MORNINGTON Peninsula Shire has yet to publicly announce its “partnership” with a remote municipality in the Northern Territory.
The Gulf to Peninsula Partnership was arranged by former mayor Cr Anthony Marsh and agreed to by council on 31 October. A formal announcement planned last September was delayed following the “last minute” cancellation of a visit to the peninsula by the mayor and CEO of Roper Gulf Regional Council.
“We hope to re-schedule the visit in the near future,” the current mayor Cr Steve Holland said.
Details of a visit to Roper Gulf late last year by Marsh and shire CEO John Baker were revealed earlier this month when Marsh claimed expenses for the trip (“Expenses test memories” The News 21/2/23).
Mornington Peninsula councillors have been assured “opportunities” will flow from a “relationship” agreement reached with Roper Gulf council.
Negotiations for the municipal partnership last year by Marsh follow 15 years of cooperation at the community level, and more lately through the Womin Djeka – Balnarring Ngargee community festival.
On paper, the two municipalities have little in common: Roper Gulf is about three times the size of Tasmania and has a population of less than 7000 people in 14 towns and remote Indigenous communities.
The peninsula’s 170,000 residents predominantly live in 21 towns or suburbs scattered across 723 square kilometres (Roper Gulf is 201,000 square kilometres).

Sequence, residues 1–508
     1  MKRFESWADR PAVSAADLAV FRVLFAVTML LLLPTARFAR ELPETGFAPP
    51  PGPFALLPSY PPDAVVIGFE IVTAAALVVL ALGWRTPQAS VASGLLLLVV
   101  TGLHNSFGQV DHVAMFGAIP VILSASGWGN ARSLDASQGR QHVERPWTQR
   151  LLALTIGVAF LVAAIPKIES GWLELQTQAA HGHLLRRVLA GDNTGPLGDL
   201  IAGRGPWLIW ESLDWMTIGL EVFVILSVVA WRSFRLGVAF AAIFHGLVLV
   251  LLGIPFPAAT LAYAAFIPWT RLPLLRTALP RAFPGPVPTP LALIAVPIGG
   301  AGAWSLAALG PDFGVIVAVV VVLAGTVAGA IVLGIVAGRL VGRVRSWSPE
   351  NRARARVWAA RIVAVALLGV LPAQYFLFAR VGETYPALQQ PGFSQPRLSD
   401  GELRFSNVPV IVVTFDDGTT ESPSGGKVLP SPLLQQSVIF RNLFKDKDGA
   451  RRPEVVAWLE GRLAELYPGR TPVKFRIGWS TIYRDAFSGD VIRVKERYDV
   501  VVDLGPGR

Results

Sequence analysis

While visitors can come and go freely to the peninsula, visitors to Roper Gulf communities must have a permit from the Northern Land Council.
Roper Gulf’s website says the permit system “helps to protect the privacy of Aboriginal communities, preserve Aboriginal culture, safeguard the natural environment and promote visitor safety and amenity”.
It says permits are required travellers, tourists, contractors, journalists, hawkers, representatives of any group, company agency or government department not covered by statutory permit arrangement.
Both the shire and Marsh refused to say if Marsh had obtained a permit before visiting Roper Gulf communities. In separate emails they suggested The News contact Roper Gulf for an answer.
In a report to council’s 31 October 2022 meeting Baker and governance manager Pam Vercoe said peninsula residents and groups had been working with Roper Gulf communities for the past 15 years.
Children from Roper Gulf had “visited Point Leo and local schools over many years” and a “friendly council partnership” would “build on” existing community relationships.
The visits resulted from discussion between Roper Gulf elders and peninsula residents.
Baker and Vercoe’s report said the “most outstanding feature” of the exchanges “is the fact children from both communities are open and frank with one another and able to share hope and dreams and understand the differences between their communities”.
Future projects could include tourism, energy development and infrastructure “offering training and experience to both communities”.
“We also hope to build economic development relationships … and further explore other opportunities, for example cultural, knowledge exchange and opportunities for councillors and officers to learn from each other.”
Along with his request for reimbursement of expenses Marsh said his September 2022 trip to Roper Gulf was made “to explore potential opportunities for creating a more enduring relationship between the two councils”.
The idea had been informally discussed and supported by “the councillor group” which led to his and Baker’s trip “to meet with the mayor and chief executive officer of the Roper Gulf Regional Council and to tour the region”.